If you want to see some exotic animals, but don't want to make the trek to Lincoln Park or Brookfield, you can head to the zoo of Northwest Indiana — the 15-acre Washington Park Zoo in Michigan City.
Located on sandy dunes near the lakefront, the zoo began in 1925 with a retired circus bear and in 1928 a zoo board was appointed. Today the site has exhibits featuring more than 90 species from around the world.
You probably didn’t know you could view Bengal tigers, American alligators, grizzly bears or ring-tailed lemurs without leaving the Region, but they’re among the residents living in natural settings at Washington Park Zoo. The zoo also includes a Discovery Center with snakes, frogs and lizards and an Australian Adventure walk-through aviary with more than 250 colorful free-flying parakeets. A farm area with a red barn has domestic horses, donkeys, goats and pigs.
All these creatures are set among winding walkways and can be looked down on from the 70-foot tall observation deck, which also provides a stunning view of Lake Michigan.
What makes this zoo even more extraordinary is that it’s more than a place for animal education. "The key thing that makes our zoo different is that it’s an up-close and personal experience and we have a lot of rescue animals,” said Jamie Huss, zoo director. “I love that we give these animals a second chance.”
Placards or signs on many of the exhibits tell the animals' origins. Many have been acquired after the zoo is contacted by the Department of Natural Resources as it tries to rehome them.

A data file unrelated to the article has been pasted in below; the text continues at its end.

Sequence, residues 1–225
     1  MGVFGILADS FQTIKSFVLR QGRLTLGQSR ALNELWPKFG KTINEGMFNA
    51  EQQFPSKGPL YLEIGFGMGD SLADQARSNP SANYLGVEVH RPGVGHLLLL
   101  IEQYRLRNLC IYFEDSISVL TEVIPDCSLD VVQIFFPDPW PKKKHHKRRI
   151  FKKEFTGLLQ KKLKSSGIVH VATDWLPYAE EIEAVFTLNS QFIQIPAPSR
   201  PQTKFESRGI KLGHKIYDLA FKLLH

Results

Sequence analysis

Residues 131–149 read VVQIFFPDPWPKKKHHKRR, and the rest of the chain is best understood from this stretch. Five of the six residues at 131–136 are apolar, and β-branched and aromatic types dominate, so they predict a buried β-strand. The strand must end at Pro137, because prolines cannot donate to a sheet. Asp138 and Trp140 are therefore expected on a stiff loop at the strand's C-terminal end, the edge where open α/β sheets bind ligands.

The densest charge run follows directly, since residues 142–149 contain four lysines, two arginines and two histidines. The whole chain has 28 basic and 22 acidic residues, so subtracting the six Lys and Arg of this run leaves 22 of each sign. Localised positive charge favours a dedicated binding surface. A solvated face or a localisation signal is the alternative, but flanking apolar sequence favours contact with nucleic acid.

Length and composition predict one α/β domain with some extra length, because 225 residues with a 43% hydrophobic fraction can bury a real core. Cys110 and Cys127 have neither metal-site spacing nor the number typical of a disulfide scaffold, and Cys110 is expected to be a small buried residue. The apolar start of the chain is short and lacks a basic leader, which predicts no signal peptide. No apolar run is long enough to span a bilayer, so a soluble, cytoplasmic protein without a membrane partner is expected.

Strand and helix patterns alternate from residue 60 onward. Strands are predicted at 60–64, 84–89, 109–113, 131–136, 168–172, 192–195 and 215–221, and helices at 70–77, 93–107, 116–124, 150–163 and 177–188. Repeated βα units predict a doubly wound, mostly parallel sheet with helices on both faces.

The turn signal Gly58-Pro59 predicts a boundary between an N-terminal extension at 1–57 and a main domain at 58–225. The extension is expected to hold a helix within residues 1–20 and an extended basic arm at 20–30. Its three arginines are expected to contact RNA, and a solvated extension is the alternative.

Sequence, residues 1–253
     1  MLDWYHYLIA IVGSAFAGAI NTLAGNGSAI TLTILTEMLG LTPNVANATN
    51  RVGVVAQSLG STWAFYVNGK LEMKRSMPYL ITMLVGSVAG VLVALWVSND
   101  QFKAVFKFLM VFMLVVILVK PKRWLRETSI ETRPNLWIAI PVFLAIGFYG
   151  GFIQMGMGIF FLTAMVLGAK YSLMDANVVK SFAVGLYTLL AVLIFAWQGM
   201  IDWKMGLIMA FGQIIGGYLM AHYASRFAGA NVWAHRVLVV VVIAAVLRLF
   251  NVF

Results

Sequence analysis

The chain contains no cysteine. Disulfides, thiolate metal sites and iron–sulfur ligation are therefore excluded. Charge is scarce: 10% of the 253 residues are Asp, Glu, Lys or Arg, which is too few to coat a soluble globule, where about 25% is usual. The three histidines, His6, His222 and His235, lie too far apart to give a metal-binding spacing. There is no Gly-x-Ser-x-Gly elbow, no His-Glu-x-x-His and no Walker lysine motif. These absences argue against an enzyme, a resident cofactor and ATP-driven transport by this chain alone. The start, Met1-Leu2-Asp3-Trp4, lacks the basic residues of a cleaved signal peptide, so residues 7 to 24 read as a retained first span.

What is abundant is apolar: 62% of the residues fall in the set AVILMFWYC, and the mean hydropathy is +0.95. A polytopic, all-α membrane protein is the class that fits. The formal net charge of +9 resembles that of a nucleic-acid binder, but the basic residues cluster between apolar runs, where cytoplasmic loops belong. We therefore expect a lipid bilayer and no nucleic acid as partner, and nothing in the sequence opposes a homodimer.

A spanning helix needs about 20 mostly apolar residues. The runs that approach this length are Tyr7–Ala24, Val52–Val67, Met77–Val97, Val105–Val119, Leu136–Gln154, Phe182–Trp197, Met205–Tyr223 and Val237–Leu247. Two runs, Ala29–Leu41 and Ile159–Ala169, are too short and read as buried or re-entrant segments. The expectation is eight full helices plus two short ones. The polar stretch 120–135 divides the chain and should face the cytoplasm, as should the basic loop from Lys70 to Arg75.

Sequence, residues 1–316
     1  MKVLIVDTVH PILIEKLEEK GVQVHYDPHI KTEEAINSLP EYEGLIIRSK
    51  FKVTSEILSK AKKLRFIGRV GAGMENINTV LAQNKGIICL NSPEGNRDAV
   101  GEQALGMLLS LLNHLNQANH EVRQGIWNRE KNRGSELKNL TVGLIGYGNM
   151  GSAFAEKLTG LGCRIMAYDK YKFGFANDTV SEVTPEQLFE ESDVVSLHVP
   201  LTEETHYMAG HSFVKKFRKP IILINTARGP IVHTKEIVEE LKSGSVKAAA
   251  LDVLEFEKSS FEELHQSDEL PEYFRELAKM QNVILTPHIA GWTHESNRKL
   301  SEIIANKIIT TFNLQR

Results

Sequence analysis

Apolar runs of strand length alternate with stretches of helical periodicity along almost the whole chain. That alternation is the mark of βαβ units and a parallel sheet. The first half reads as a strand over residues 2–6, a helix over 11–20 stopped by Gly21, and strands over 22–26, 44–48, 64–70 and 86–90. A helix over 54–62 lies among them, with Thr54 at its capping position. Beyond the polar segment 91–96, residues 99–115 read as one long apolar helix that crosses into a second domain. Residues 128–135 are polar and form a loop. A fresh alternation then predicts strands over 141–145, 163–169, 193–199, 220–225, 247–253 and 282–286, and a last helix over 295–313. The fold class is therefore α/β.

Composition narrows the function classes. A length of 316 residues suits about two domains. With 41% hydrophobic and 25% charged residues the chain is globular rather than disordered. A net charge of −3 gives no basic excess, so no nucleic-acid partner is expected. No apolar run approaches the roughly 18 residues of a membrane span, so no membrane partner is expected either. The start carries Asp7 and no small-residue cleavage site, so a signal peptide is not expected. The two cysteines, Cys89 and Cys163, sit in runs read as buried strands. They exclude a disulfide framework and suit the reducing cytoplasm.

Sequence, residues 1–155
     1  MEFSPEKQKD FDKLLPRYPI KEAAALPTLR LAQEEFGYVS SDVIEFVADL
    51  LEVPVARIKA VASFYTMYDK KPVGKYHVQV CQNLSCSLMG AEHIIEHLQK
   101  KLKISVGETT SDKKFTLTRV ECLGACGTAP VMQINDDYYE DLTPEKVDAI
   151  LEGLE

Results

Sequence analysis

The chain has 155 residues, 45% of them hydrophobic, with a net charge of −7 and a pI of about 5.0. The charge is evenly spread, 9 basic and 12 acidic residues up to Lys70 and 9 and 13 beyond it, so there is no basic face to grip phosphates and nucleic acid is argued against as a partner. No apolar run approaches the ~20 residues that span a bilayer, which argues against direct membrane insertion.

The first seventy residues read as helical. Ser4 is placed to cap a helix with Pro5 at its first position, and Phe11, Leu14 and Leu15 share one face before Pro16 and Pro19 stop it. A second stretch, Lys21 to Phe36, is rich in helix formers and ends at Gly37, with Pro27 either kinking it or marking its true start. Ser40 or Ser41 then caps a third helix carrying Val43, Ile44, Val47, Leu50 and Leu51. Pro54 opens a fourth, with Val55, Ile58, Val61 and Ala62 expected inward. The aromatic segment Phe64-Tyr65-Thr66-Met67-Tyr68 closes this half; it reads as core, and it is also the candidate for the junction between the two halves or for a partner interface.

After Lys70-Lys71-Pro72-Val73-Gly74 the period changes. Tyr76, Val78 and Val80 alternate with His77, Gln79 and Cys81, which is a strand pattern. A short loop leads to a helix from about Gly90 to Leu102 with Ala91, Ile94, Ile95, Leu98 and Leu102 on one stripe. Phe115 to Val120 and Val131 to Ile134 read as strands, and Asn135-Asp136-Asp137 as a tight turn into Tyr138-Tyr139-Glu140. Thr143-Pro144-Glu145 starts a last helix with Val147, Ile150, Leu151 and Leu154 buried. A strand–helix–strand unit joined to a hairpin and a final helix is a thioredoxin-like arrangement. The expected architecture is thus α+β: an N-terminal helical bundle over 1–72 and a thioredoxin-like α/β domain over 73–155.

Two of the grizzly bears were brought to the zoo as youngsters. They had to be removed from the wild after their mother was euthanized because of being too close to a residential area in Montana.
Another resident of the zoo is a bobcat that was a rescue from Arizona. After being kept as a pet in Nevada, he was confiscated by the DNR after being illegally transported over state lines.
There are numerous birds — eagles, crows, vultures, hawks — that were brought to the zoo because of injuries and couldn’t be released back into the wild. The zoo worked with bird societies and other groups in taking in animals.
“We don’t focus just on breeding here,” Huss said. “We focus on being a rescue. We’re much more than just a zoo.”
Another unique feature of the zoo is that it is in Washington Park Zoo and operated by the Michigan City Park District.
The zoo park was a project of the Works Progress Administration during the Great Depression. The first part to be constructed was Monkey Island in 1933, a center-moated island with several more structures and habitats to follow. In all, 11 buildings within the zoo are on the National Register of Historic Places. A lot of natural rock work is part of the landscape that came from that area. “There’s a lot of history here,” Huss said.
Among the later additions are the feline and elephant houses, a gift shop, the American Carnivore exhibit, a wolf exhibit and the Safari Train Ride.
Take a peek at the zoo’s website for special events. Some upcoming dates are Mother’s Day, when mothers and grandmothers get in free with a paid child admission; Military Members Day on May 29 with free admission for military members with ID, retired and active; and Customer Appreciation Day on Sept. 9 with half-price admission.